21. Yla Tausczik Says:

    One element of the current publication system that is worth preserving is a publication threshold. A publication threshold means that there is a period in which papers get improved and reviewed by a small number of people and a period afterward in which they remain static are read by a larger audience. The most useful aspect of this is that it delineates a boundary between having authors revise work so that it is a better contribution versus having a static copy that others can refer to and work from.

    • Anonymous Says:

      I strongly agree with this comment. In the best case, the publication process saves labor for the community as a whole. Acceptance by a journal means that a reader can reasonably assume that a paper has met a certain standard, and that any obvious problems have been corrected – this without having to read and digest a possibly lengthy critique, which may in fact be no longer relevant if the paper has undergone substantial revision in response to the critique.

      On the other hand, public reviews mean that hard-working referees can receive credit if they have made substantial contributions to the final paper, which is not possible in the current system.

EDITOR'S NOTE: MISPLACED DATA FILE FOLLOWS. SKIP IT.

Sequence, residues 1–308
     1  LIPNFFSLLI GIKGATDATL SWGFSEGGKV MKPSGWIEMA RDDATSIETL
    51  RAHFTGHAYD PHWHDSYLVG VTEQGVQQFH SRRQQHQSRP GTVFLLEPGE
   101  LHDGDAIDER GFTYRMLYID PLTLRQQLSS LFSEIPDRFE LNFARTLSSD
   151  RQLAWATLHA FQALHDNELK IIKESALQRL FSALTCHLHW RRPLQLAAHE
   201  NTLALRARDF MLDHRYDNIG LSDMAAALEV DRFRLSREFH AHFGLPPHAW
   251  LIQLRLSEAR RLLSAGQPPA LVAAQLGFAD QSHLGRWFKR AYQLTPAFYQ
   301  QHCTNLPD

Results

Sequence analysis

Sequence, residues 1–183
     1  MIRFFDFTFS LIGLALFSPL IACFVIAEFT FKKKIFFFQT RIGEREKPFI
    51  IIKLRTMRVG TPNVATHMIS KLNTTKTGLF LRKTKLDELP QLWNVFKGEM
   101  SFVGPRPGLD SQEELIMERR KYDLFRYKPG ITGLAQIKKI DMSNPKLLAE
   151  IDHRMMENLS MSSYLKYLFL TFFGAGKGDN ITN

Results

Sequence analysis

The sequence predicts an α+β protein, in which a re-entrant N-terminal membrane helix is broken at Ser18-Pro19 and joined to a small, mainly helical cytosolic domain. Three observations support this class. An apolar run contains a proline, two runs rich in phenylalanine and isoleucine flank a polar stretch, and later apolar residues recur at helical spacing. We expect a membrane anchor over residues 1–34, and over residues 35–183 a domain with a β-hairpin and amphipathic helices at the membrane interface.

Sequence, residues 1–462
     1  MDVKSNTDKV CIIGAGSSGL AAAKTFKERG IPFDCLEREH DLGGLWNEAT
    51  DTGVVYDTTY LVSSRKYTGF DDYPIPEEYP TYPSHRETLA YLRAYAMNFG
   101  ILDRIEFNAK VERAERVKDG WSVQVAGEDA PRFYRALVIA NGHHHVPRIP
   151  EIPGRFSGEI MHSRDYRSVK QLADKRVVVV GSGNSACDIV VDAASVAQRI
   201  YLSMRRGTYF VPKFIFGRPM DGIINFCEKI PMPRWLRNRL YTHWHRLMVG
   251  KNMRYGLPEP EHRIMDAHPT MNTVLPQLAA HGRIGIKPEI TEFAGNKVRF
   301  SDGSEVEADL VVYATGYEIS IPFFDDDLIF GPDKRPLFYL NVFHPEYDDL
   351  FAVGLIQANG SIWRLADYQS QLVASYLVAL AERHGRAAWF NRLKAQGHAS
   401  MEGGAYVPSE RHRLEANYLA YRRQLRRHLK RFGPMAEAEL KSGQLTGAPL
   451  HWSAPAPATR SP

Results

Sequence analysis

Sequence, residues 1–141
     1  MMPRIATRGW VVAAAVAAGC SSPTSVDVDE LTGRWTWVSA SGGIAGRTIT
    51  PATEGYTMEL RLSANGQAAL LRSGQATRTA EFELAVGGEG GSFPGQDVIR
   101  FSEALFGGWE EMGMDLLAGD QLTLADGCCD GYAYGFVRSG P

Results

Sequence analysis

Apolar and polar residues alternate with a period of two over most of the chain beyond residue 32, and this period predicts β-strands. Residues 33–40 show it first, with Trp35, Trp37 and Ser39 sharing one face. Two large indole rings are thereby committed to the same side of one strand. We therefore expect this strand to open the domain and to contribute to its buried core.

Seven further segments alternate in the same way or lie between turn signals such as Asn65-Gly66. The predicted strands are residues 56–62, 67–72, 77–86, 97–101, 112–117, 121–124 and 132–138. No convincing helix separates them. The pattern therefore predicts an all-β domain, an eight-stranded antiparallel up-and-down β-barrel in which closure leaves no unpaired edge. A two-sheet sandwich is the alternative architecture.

22. Anonymous Says:

    Another valuable aspect of the current system is that, assuming there are multiple referees, the reviews are independent. In a system where reviewing is done in the public eye, it will be difficult to prevent earlier reviews from influencing later ones.

  23. Scott Morrison Says:

    There are many interesting suggestions above!

    I think the important thing is to think about _incremental solutions_, that are relevant in the context of the current setup, and that can offer immediate benefits. It’s fine to have in mind (possibly disparate) ideals about later stages, but essential that it’s actually possible to _take the first step_.

    Two ideas that I like a lot, and which are compatible with (but don’t necessarily require) making the refereeing system more flexible, public and effective, are

    1) establishing “selected papers” lists, orthogonal to the journal system, and
    2) running explicitly multi-tiered journals.

    An editorial board could establish itself, announcing that it will select a certain number of papers (presumably from a particular subfield, perhaps on particular criteria) for their “selected papers” list during each specified period.